We’ve all heard and seen from those ads on the side of your screen, which just so happen to advertise those green sweatpants you were just thinking about buying, that companies are getting their hands on your information. But to what extent and how is this happening?
Data brokers (data companies) are companies that collect, analyze, and package consumer data and sell it to companies, advertisers, each other, the government, just about anyone who will buy it. This has been going on for decades however with the increased use of social media, online buying, and use of the internet in general the data being collected has increased significantly. These companies are gathering information on you from basic levels such as race, gender, and sex, to the most private manners in your life such as sexual orientation, whether you’re pregnant or not, psychiatric problems, political identification, and who you associate with. This data is collected in many different ways by many different companies which work together to sell and buy information from each other to increase their knowledge. A data company can sell information on your health based on recent purchases and searches online to insurance companies who can then use this information to value your health. A data company can infer your political orientation by what sites you go to and where your money is spent and then sell this information to campaigns who will strategically place advertisements based off this.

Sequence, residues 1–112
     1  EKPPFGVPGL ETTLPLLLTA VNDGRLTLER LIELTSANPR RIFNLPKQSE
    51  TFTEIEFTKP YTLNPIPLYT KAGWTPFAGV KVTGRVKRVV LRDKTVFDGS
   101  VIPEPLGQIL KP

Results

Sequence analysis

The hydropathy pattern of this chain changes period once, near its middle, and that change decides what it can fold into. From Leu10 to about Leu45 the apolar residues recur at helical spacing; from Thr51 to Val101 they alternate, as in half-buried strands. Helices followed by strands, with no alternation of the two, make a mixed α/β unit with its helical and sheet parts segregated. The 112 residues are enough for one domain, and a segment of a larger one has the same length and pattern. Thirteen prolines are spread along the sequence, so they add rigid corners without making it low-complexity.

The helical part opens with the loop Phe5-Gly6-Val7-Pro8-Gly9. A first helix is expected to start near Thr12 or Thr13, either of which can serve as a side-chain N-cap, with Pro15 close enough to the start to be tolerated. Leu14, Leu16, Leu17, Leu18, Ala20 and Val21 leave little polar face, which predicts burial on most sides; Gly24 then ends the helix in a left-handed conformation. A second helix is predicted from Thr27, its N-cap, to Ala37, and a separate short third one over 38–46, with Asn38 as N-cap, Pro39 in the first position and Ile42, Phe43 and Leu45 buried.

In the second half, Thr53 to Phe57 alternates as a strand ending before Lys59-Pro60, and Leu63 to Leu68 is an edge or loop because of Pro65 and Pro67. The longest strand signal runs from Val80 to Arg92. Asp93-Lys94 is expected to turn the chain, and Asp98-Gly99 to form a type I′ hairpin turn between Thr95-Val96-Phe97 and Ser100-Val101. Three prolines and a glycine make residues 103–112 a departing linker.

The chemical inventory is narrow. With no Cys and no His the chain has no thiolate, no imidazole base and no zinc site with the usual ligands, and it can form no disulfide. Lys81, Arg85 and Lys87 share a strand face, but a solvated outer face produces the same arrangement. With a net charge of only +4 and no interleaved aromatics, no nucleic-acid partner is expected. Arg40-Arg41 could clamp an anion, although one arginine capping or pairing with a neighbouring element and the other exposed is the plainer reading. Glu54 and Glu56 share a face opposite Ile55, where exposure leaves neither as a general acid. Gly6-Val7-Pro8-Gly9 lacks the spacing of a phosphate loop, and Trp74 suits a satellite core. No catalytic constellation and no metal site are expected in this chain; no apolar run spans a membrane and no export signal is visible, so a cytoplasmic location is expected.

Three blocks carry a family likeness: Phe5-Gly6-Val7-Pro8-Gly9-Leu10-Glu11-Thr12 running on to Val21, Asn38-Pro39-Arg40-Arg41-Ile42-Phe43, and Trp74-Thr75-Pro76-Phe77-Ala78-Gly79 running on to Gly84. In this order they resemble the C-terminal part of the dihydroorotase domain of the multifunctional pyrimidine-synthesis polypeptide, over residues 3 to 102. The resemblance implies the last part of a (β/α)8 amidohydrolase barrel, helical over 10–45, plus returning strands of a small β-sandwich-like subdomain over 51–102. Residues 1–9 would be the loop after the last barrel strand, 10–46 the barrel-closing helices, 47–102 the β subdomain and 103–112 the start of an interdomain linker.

One of the problems with this practice is that it leads to generalizations and stereotypes about consumers based off no facts which can lead to racist and unfair assumed knowledge about certain consumers . Whats even more scary then the information that we know these companies are recording and selling about you, is the information we don’t know companies are recording and selling about you. With data becoming cheaper and easier to store everyday, there are no limits to the information being stored and every piece of data is important to somebody. Data companies are very reluctant to share specifics regarding what information they are tracking and who they are selling it to and this gives us little knowledge to how much they actually know.
While this information may not or should not scare the average consumer, it should be known that when you browse the web you are never alone, and at the most basic level: Every time you log on a website there are many data companies tracking your every move and adding this information to their bin in the hope to sell this information to companies who will then use information about you to try and take more money from your pocket to put into theirs.